Mosera unveils new work at Dream International
GREAT BAY 18/18/2018 – St Lucian born artist, Ras Mosera, will be unveiling his newest series “Pique-Nique” at Dream International art gallery tomorrow at 7 p.m. Mosera will represent the apex of visual arts in the Caribbean where colors, shapes, and design reflect the eclectic nature of the environment. Boundaries are crossed with bold shapes and silhouettes, as the artist creates without filter or convention. With more than 30 years of painting in St Martin, Mosera opens yet another chapter in his career with the Pique-Nique collection.
“I started painting because I felt my creativity screaming,” Mosera stated, “I dropped out of school at the age of 16, and dabbled in electric and telephone enterprizes, but wasn’t happy. The creativity within me was screaming and I knew that I wanted more – so I had to take the chance at self-employment. My inspiration comes from watching women and normal human interaction, and I paint the simple things in life – trying to magnify the ironies simplicity.”
“At Dream International art gallery, the public will be invited to come and have a drink, chat, purchase paintings, and have a fun time at this social activity. I will be presenting new and former works that will be seen by the public for the first time. Paintings having to do with the theme “Pique-Nique”, which could be a simple subject but I tried to infuse or transform it into something magical. I want people to see my work as patrimonial in the local sense and still recognize that my work tries to transcend local and regional boundaries.”
By Julie Alcin; For Today Newspaper .
Curaçaolean art critic Verele Ghering writes for Amigoe: “What is special is that [Ras Mosera] is internationally oriented, but manages to strongly convey a multicultural layering – proper to the Caribbean – on the canvas. Many stylistic influences overlap in Caribbean art; it is a cultural mix, eminently hybrid. Mosera shares with Picasso both an orientation to African masks and cubism. His faces have sculptural – cubic – shapes, frontal eyes and straight noses. In this way he keeps the people on the canvas universal, namely, hidden behind masks. He knows how to combine the influences of the many myths beautifully into visually powerful works of art. ‘El Coco’ (Number 8) has no clothes but does wear an expensive watch. In a very subtle way, he shows us the hybrid reality of the Caribbean. […] The color schemes and color combinations are beautiful – a treat of blue, red, yellow, orange and purple. [His paintings display a] varied and integrated use of color and flatness of shapes that remind one of textile designs. Lots of gold and bright colors, but also understated tones where appropriate. He replaces the usual perspective with a viewpoint that shows the object of the painting from different angles simultaneously; the flat surface becomes accentuated as it were. A creole identity is unmistakable: [his work is] a kind of carnival on canvas, universally exotic. Fortunately, he does not fall into clichés but knows just how to depict a subtle, spiritual, inner vision of his own reality in his works. Definitely worth a visit.” The full, original art review (in Dutch) appeared on p. 4 of the May 24, 2017 print edition of Amigoe.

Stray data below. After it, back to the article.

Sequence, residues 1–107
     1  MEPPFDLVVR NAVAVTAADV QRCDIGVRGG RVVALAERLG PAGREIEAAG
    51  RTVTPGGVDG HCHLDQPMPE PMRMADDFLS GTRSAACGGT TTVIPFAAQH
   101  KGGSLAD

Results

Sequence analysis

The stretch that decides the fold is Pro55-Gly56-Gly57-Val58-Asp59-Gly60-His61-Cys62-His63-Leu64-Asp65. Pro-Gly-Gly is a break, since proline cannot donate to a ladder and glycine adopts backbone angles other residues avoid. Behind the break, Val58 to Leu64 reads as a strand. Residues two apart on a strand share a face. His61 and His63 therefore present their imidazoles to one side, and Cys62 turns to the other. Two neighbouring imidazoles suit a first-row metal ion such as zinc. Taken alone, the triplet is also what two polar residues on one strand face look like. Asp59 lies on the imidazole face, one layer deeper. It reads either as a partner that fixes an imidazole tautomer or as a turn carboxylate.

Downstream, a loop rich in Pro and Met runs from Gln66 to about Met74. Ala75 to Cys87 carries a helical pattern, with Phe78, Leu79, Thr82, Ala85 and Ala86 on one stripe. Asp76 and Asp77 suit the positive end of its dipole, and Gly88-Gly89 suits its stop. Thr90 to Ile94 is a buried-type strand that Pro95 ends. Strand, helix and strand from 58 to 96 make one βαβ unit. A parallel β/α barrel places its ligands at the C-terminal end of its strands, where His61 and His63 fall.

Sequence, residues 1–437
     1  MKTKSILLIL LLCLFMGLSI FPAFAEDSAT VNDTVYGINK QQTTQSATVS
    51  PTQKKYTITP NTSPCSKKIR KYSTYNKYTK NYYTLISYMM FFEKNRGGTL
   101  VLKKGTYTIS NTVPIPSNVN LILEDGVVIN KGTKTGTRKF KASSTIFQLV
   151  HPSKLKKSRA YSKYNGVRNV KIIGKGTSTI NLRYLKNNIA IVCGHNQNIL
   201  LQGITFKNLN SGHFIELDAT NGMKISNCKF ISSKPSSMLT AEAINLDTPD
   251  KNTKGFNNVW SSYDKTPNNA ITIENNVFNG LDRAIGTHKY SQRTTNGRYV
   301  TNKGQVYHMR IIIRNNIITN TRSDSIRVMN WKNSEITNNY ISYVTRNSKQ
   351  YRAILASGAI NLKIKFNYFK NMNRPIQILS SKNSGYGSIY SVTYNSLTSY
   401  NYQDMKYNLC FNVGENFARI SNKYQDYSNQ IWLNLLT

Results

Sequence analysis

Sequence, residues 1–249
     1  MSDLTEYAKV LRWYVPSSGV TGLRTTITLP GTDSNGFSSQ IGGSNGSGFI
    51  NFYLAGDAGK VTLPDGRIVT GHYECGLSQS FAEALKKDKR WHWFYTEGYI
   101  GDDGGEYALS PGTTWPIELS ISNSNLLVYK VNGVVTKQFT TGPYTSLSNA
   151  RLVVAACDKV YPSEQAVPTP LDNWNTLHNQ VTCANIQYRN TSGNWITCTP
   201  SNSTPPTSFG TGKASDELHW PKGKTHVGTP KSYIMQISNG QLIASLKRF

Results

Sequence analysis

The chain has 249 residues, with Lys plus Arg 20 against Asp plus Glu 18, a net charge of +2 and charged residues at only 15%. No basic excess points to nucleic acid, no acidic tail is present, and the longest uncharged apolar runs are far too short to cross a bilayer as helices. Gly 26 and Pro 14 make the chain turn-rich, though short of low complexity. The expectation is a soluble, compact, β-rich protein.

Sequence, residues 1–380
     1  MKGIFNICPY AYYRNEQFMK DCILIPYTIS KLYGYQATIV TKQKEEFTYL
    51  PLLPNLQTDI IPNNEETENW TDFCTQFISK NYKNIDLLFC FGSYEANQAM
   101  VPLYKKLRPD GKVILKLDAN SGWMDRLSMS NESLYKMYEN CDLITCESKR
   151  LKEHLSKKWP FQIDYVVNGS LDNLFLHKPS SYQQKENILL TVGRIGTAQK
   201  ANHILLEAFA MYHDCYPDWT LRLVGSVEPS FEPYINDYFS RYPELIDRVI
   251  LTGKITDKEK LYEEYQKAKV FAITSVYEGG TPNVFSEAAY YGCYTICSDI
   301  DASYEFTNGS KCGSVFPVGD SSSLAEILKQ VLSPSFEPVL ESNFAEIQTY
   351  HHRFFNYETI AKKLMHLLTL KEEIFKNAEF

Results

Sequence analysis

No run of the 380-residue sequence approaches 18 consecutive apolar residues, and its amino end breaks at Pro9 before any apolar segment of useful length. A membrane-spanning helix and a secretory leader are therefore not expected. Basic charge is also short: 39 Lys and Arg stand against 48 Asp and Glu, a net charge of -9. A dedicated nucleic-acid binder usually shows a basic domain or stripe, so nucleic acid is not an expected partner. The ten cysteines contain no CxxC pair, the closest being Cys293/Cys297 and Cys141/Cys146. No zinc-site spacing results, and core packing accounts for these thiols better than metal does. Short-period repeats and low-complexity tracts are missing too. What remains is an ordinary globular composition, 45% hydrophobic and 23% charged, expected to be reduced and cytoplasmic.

“The desperado leads a risky life and so does Ras Mosera as he goes through borders with his profound creations. Mosera represents the apex in the visual arts of the Caribbean where colors, shapes and designs reflect the eclectic nature of the environment. With his art he crosses boundaries, as he creates without filter or convention. This St. Lucia-born visual artist has been living in St. Martin for more than 30 years. With the Desperado collection, he introduces us to a new chapter in his career.”
At the crossroads of politics and art
“GREAT BAY – A shaggy black dog streaked with silver came to the gate, curious to see who was visiting deep in the heart of French Quarter late yesterday morning. A tall dreadlocked figure emerged from the house and yelled out. The dog hustled back, half wanting to see the visitor and half wanting to obey. Mosera the artist stood in the sunlight with a warm smile and a polite greeting.With the introductions completed, he walked through his lush garden up toward the porch.Plants were everywhere, both inside and out, neatly kept in pots. While the sun climbed highand hot, the house was open and cool, as inviting as its host. It would turn out to be a few hours of lively discussion, at turns about politics and at turns about culture and the crossroads between the two, but always generously interrupted with long bouts of cheerful laughter.The Caribbean is a complicated place,” he mused, as he sauntered past shelves stacked with books.